At Night We Walk in Circles

By DANIEL ALARCÓN

A few years ago, in an unforgettable novella, Nobel Prize winner Imre Kertész offered a haunting meditation. His spare Detective Story depicts a trial taking place in a nameless South American dictatorship, where a member of the former secret police is being questioned at the end of a despotic regime. Under the guise of his testimony, the policeman-turned-prisoner narrates the story of his involvement in the torture of a wealthy family who seemed to be plotting against the government. What emerges is a tale of ambivalent complicity: a story that asks not whether the narrator is innocent but what — in the face of unjust regimes — it means to be innocent at all.

It was impossible not to think of Kertész’s novella while reading Daniel Alarcón’s latest novel, At Night We Walk in Circles. This was certainly because some of Alarcón’s setup eerily echoes Kertész’s: Alarcón’s novel also takes place in an unnamed South American country where the shadows of a recent violent regime are fading. An unnamed narrator, whose circumstances are not revealed until two-thirds of the way through the book, describes the conditions under which a young boy named Nelson comes of age, joins a theater troupe, and is eventually taken on a journey in which art and life become blurred in confusing and ultimately violent ways. And, as in Kertész, the narrator’s own situation eventually raises questions about how and why we make stories — and at what cost.

But while Kertész’s novella was spare and fast-moving, Alarcón’s novel is, as its title suggests, full of layered divagations, reflections, and mirrors, circuitous routes around a city and then a country, and even, by implication, the world. The circles being made are also between the theatrical and the real, between history and memory. At the center of these rings is Nelson, a budding actor and playwright who, because of his father’s death, has been unable to move to the U.S. to pursue his career. Nelson’s childhood and his parents’ generation were shaped by internal war: Nelson’s father called this time “the anxious years” — but now his country, if not wholly prosperous, is at at peace in name if not in fact. The country is also being “reimagined” in ways that themselves feel theatrical: Malls fill in detonation zones. There are still crimes and poverty and emigration; there are still drug dealers and jails, but the worst of what had come before seems to be over. 

Or is it? The nation seems to have fallen victim to a certain nervous aimlessness. A group of young people romanticize some of the revolutionary actions of their parents. Among these is Nelson, who attaches himself particularly to the legend of the theater troupe Deciembre, a group made famous both for its show The Idiot President and for the arrest of its lead actor and founder, Henry Núñez — a man who has been much changed by his time in prison.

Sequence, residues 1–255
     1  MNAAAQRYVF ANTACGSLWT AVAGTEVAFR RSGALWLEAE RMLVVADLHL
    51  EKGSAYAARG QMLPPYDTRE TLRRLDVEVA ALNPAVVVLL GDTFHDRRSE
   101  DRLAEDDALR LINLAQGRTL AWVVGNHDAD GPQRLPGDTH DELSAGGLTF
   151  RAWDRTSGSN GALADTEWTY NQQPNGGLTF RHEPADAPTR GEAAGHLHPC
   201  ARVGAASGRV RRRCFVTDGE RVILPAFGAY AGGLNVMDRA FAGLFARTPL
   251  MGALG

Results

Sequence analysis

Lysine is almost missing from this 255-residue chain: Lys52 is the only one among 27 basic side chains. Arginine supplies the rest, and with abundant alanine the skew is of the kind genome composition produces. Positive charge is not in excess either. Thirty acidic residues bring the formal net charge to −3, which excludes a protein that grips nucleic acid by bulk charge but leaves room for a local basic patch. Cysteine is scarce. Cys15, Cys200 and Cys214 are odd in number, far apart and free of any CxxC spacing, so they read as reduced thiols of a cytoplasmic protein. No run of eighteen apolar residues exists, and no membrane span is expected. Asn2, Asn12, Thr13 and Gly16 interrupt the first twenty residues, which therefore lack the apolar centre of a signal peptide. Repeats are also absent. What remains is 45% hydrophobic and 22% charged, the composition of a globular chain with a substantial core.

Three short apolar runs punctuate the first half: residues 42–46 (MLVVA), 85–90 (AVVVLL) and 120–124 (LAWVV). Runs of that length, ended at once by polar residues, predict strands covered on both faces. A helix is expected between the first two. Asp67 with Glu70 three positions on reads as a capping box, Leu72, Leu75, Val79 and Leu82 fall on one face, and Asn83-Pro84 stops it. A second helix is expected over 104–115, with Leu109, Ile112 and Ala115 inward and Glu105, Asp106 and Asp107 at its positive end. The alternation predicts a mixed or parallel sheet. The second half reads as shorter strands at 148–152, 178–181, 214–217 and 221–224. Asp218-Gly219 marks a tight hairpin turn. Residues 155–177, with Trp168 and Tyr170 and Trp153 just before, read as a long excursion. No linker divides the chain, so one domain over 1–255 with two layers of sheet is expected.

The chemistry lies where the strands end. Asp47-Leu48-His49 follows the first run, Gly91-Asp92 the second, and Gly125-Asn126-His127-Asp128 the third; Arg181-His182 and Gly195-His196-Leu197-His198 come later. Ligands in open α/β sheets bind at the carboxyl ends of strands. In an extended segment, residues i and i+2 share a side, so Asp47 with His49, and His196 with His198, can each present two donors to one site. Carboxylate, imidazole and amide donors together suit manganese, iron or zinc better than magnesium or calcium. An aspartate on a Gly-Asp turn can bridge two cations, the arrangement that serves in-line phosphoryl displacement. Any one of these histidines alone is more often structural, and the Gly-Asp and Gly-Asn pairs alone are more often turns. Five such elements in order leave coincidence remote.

Nelson, who has followed this group with a heady mixture of blurred memory and obsession, finds that Deciembre is staging a comeback tour and holding auditions for a new actor. Nelson steps onto the stage and becomes their pick. In doing so he unwittingly becomes an actor not only in his own nostalgic fantasy but in Núñez’s struggle to make sense of his own past. Deciembre embarks on a tour of the country — one that takes Nelson out of town and gives him a chance to see the stage of his wider world. But when  Núñez, Nelson, and Deciembre reach the small town of Núñez’s former lover, Nelson is called on to step into a role he had never imagined — one that has consequences no one could foresee.

Like Kertész’s book, the narrated main tale and the circular stories it contains make us look closely at the roles each character plays. We are forced to reckon with the wider forces that make those roles possible and even necessary. The book is also full of reverberations — the sense that the land and its shapes are made by economic forces, by poverty, by the pull toward emigration.

As it travels, the book also pulls toward its strange, uneasy end. Alarcón has salted his work with intellectual puns and pleasures, shapes that come back later in puzzling loops. He begins with a quote from Guy deBord that says “the individual’s own gestures are no longer his own, but rather those of someone else who represents them to him.” The famed prison in Alarcón’s troubled country is called Collectors, but the narrator, paradoxically, is the one trying to collect the most perfect story of what eventually happens to Nelson. Oddly, what comes to imprison Nelson in the end feels eerily familiar, part of a chain, or the end or beginning of a cycle. The guard in Nelson’s prison is called Espejo, which means “mirror.” And indeed, when the end comes, it feels like an eerie reflection of the beginning.

Indeed, the wider circles beyond the stage and the story are the world, and the kinds of trade routes it demands of young men from small, troubled South American countries. At one point, one of these young men — the star of Núñez’s imagination — is ensnared in the drug trade. “He never considered the consequences, not because he was reckless but because what he was doing was normal. Everyone was doing it. He was only dimly aware that it was not allowed,” says Alarcón.


What are the consequences of an action? What is normal? Where do such stories begin? In a world of echoes and mirrors, Alarcón leaves us pondering.

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